You know those too-rare magical moments, where everything lines up with such beautiful, one-in-a-million precision, that it can't be just luck or chance? I had one of those moments today.
OK, the first image here (a series of three, taken from a video) is from November 30th, 2006, exactly 7 years ago. That's me with little Pich, then 11 years old, on the garbage dump. I'm talking to her about coming to school.
Pich had never been to a school and worked and lived on the garbage dump. It must have been a surreal moment for her - the offer of an education when she never expected to ever to set foot in a classroom - but even though she listened, she never stopped picking and scavenging, knowing the consequences of stopping work, even for a moment.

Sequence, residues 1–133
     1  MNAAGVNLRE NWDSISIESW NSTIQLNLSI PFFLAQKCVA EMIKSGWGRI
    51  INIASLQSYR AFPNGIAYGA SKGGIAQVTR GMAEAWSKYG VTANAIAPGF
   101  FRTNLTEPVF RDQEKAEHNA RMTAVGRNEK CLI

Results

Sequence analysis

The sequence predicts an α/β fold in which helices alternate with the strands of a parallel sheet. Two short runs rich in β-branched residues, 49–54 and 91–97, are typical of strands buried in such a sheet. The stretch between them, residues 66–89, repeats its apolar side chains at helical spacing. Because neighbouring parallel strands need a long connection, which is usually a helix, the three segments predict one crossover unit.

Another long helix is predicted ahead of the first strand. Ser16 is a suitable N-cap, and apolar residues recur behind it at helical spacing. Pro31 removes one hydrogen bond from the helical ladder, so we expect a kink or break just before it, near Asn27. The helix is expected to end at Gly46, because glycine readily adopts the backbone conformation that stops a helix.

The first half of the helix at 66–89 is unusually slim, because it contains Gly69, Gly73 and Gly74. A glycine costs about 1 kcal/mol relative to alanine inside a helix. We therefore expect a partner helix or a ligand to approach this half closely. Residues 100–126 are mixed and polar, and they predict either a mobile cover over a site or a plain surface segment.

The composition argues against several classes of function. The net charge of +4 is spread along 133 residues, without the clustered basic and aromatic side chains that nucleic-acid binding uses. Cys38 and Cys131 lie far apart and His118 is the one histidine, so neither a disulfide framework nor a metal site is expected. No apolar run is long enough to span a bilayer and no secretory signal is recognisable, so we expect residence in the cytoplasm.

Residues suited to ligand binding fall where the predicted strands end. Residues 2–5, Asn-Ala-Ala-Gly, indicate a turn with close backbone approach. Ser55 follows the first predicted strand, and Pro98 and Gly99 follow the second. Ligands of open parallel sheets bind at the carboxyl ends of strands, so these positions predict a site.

Needless to say, she started with CCF the following week. Pich is now in high school, loved by all and very shy. That alone would be a good story, no?
But as luck would have it, the skateboarding legend Tony Hawk became her sponsor!
As any CCF sponsor knows, you have to write regularly, you have to engage and participate, and you have to care. Even by these standards, Tony excelled. He writes, cares, video-Skype's each Christmas, remembers her birthdays and Tony can tell you more about Pich than her own parents.
But in all those years, they never met.
That just changed. Tony is on tour and made the trip to Cambodia. Yesterday they met for the first time. It was magic. Pich was all tears and shyness, all overjoyed and not-quite-believing it was happening.